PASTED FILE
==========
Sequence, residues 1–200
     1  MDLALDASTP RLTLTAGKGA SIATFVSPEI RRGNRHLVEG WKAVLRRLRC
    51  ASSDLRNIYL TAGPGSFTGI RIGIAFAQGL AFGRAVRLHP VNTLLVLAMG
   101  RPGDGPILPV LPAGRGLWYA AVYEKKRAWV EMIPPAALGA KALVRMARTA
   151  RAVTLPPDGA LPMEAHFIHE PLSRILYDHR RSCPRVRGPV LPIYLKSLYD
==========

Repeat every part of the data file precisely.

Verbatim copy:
Sequence, residues 1–200
     1  MDLALDASTP RLTLTAGKGA SIATFVSPEI RRGNRHLVEG WKAVLRRLRC
    51  ASSDLRNIYL TAGPGSFTGI RIGIAFAQGL AFGRAVRLHP VNTLLVLAMG
   101  RPGDGPILPV LPAGRGLWYA AVYEKKRAWV EMIPPAALGA KALVRMARTA
   151  RAVTLPPDGA LPMEAHFIHE PLSRILYDHR RSCPRVRGPV LPIYLKSLYD